O Birthday Trip- #JK2019
Last October, I turned 40 years old. People celebrate this milestone in different ways – for my main birthday gift, I was handed an envelope containing an IOU note for entries to the Jan Kjellström International Festival of Orienteering in the UK. I was both pleased and surprised. I had dragged my family (over the previous few years) through doing the occasional Sunday event, to eventually competing (and having fun) in most of the big Irish events, from the various regional champs, to the Irish Champs, and cumulating in last years Shamrock O-Ringen. I hadn’t thought that they were ready for a big international road trip – but here we were!
For those who don’t know – the Jan Kjellström International Festival of Orienteering (otherwise known to all as the JK) is the UK’s largest multi-day orienteering event, held annually in different parts of the country on the Easter weekend. It usually consists of four competition days:
- A sprint event on Good Friday (short, usually urban environment, but fast)
- A middle distance race on Saturday (typically 35-40 mins winning time)
- A classic distance race on Easter Sunday (90+ minutes on the senior courses)
- A relay event on Easter Monday (teams of three, various classes, mass start)
The event normally has a large number of competitors (over five thousand this year), and is often used as a selection event for most of the national teams. In terms of scale, it’s a major event, and bigger than anything you’ll find at home. As a junior orienteer in the 90s, I had attended several large international events such as the Scottish six-day competitions, but I hadn’t run abroad in years, so my memory of these events was hazy at best. I was looking forward to getting back into it, and this time, with my wife and kids to enjoy it as well.
Anne-Marie had already arranged most of the trip by the time I knew about it – we were taking the car by ferry to Wales (courtesy of Tesco tokens) and driving to a cheap and cheerful hotel in Fleet, on the M3. This location was very convenient for three of the four event days, and only 45 mins drive to the other one. We booked our entries for the events via the usual Fabien4 website, following the directions on the (very thorough) JK website. No need for Sport Ident details – this year, the entire event was being run using EMITtag, the contactless version of EMIT – we would be allocated these at the event.
As the competition approached, we downloaded all the final detail documents from the website. This booklet contained literally everything you needed to know about all the events – days, locations, arena layouts, course details, special instructions, the works. They really made sure that everyone was made aware of everything you needed to know. Some of the Irish orienteers who were travelling to the event started a Whatsapp group, so that the various travelling groups could stay in touch and organise stuff during the weekend.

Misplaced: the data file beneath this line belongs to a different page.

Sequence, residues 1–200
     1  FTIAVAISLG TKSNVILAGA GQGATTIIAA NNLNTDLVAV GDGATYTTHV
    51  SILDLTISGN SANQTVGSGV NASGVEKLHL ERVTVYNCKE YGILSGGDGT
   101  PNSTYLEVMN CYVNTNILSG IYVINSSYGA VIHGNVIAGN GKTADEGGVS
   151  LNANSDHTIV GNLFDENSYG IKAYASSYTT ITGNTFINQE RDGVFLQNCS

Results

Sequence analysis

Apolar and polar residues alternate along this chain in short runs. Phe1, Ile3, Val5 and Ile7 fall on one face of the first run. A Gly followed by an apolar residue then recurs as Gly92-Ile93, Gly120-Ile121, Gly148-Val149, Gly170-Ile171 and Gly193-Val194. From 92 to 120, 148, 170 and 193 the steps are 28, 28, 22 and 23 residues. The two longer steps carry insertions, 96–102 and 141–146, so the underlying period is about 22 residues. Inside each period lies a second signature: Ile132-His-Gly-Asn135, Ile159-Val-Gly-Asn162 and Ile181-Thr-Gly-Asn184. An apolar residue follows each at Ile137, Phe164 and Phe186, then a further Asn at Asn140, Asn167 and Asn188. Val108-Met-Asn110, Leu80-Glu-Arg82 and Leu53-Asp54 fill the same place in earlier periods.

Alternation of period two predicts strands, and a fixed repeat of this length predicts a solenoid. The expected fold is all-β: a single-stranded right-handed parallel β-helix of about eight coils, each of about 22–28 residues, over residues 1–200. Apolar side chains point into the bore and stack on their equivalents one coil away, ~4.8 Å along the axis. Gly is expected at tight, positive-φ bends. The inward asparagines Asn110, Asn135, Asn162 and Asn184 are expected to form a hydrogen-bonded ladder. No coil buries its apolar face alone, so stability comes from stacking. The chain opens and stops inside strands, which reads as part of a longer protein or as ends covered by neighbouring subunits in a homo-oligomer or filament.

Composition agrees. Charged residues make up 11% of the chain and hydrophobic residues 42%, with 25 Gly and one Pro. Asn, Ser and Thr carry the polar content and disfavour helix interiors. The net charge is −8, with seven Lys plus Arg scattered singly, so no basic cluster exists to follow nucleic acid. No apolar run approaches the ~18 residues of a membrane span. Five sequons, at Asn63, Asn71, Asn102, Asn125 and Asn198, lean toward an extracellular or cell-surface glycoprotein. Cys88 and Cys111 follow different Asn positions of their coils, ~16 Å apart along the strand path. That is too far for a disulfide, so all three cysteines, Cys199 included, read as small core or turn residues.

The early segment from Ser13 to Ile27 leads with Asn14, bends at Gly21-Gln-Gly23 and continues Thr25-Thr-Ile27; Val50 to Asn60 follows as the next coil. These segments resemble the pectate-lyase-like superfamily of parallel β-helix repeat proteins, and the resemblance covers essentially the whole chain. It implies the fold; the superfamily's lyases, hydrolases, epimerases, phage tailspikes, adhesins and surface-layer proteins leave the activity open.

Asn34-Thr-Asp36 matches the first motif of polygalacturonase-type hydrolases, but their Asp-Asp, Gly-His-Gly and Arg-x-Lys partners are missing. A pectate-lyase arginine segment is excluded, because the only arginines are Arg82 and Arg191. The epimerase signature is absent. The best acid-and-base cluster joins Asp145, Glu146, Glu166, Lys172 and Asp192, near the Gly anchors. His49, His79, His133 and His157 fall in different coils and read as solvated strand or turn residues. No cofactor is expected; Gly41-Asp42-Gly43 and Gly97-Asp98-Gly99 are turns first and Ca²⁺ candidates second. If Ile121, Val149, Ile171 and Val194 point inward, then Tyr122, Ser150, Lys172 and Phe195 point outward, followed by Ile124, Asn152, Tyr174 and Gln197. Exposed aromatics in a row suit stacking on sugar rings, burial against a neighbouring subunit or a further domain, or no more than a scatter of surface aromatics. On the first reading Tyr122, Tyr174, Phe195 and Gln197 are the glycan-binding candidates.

Finally, the day came and we drove to Rosslare. The kids were very excited to be taking a ferry somewhere, as I had avoided this for previous holidays. However, I must admit it was very convenient to be able to take everything in the boot of the car. We got to our hotel later that day, after several hours of driving, and relaxed for the evening. We travelled on the Wednesday, so we had a full day off before the orienteering started. We filled this with a day trip to Chessington, for a series of roller-coasters and fairground rides. We got an early night, ready for the four days of racing ahead of us.
Friday morning – up early, and the forecast was for sun. Suncream on everyone, pack up our gear, make a few sandwiches and we were in the car, headed to Aldershot for the sprint. When we did our JK entries, I had elected for late start times – this meant we had several hours before we needed to start. This suited me fine, as I like to have a look around and chat to everyone, but the kids found it a bit annoying – in hindsight, I’d stagger the start times in the future, with the kids going early, and me going later. As it was, it was fine since Anne-Marie wasn’t planning to run, so she was taking care of getting the kids to the start and meeting them at the finish each day.
We arrived and pitched the CNOC tent in the club tent area, next to the IOA tent. It was useful to have a few tents – it gave space for everyone’s bags and gear, and kept all the Irish hanging out together, and let everyone socialise and help each other out. We collected our race numbers and our EMITtags from a large stand at the registration tents. There was even a small model course where everyone could take their new tags for a spin and see how they worked. Eventually our start times arrived and we strolled up to the start area. The start area was a “Silent Start”, as the events were officially world ranking events for the elite classes, which meant once you passed the call-up point, there wasn’t meant to be any talking in the start lanes. Anne-Marie was able to go through with the kids though and make sure they got in the right lanes, and got the correct control descriptions before they started. Once they were started, she was able to stroll back to the tent to see them on the run-in to the finish from the last control, and collect them after the download tent.